3. Outside linebacker
The situation: Minnesota is looking at two new starters at linebacker, but the most pressing need is on the outside. Currently the only outside linebackers, aside from starter Chad Greenway, are Gerald Hodges and special teams standout Larry Dean.
Hodges was a fourth-round draft pick last year but didn’t get much of a chance to play outside linebacker, despite the Vikings’ need at the position and rotation that included Marvin Mitchell, Desmond Bishop and Erin Henderson. Hodges played mostly special teams, where Dean has kept himself on the roster without getting much time in the defense. Audie Cole, a potential middle linebacker, could possibly play outside, as well.
The incumbent: Minnesota lost Jasper Brinkley in free agency last year and moved Erin Henderson to the middle. The move didn’t work for the team or the player. Henderson struggled in the move, proving he was better on the outside. Off-field troubles eventually cost Henderson his roster spot as the team released him after the season. Henderson, who moved back to outside at the end of the year, had strong tackle numbers but was average in his three seasons as a starter.
The Vikings took a chance on Bishop last season after he was released by Green Bay. Minnesota was slow to let Bishop take a starting spot, but he eventually moved ahead of Mitchell. Then he suffered a torn anterior cruciate ligament and missed the rest of the season. Bishop might come cheap enough that he’d be worth a second try in Minnesota. Mitchell became a starter last season but was pedestrian and is better suited as a backup linebacker and special teams player.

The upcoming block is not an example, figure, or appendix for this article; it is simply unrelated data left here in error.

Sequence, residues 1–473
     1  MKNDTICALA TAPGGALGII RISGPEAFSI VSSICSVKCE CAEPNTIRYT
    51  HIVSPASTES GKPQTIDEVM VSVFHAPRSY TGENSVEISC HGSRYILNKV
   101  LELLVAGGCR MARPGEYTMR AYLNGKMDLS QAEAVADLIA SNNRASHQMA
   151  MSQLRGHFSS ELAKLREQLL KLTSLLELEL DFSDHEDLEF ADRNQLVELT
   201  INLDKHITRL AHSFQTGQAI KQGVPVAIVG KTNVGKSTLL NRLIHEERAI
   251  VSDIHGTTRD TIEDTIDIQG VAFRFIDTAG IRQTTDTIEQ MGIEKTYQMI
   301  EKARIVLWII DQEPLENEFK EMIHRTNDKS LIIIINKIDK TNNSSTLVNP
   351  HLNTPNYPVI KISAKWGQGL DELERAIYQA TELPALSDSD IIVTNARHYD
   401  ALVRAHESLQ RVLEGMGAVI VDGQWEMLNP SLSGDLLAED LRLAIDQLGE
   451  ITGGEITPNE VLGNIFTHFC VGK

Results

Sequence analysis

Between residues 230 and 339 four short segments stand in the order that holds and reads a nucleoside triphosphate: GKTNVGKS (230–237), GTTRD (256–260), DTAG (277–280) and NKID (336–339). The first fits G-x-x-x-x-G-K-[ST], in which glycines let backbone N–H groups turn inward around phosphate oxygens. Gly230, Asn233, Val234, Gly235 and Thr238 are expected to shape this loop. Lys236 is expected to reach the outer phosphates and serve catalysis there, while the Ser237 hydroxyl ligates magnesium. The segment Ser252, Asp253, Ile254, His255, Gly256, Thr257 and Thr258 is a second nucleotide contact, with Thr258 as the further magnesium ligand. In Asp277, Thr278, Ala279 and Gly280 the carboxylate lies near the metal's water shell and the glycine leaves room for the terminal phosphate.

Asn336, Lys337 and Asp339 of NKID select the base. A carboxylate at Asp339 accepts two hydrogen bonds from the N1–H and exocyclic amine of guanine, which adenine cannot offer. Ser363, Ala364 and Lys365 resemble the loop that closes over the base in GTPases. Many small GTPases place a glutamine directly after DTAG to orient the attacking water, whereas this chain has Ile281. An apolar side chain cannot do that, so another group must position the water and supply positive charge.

The outside help: The free-agent market at linebacker is underwhelming and particularly on the outside for a 4-3 defense like Zimmer plans to run. Most of the better options are inside or middle linebackers. One option with a tie to Zimmer — because everyone loves to look at prior relationships — is Cincinnati’s Vincent Rey. Rey, 26, is a restricted free agent, so the Bengals can match any offer. But Cincinnati wouldn’t receive any compensation if they don’t match a deal.
Rey hasn’t been a full-time starter for Zimmer and has played middle linebacker, but maybe he could fit the bill either in the middle or outside for Minnesota. He filled in as the starter for Rey Maualuga for three games last year and had 30 tackles, three sacks, four pass deflections and an interception in the three games.
Zimmer has talked about his desire for speed, and Rey fits the description and seemingly could play on the outside and also in the nickel defense. Other options could be Denver’s Wesley Woodyard, Chicago’s James Anderson, St. Louis’ Jo-Lonn Dunbar, and Jon Beason and Keith Rivers from the New York Giants.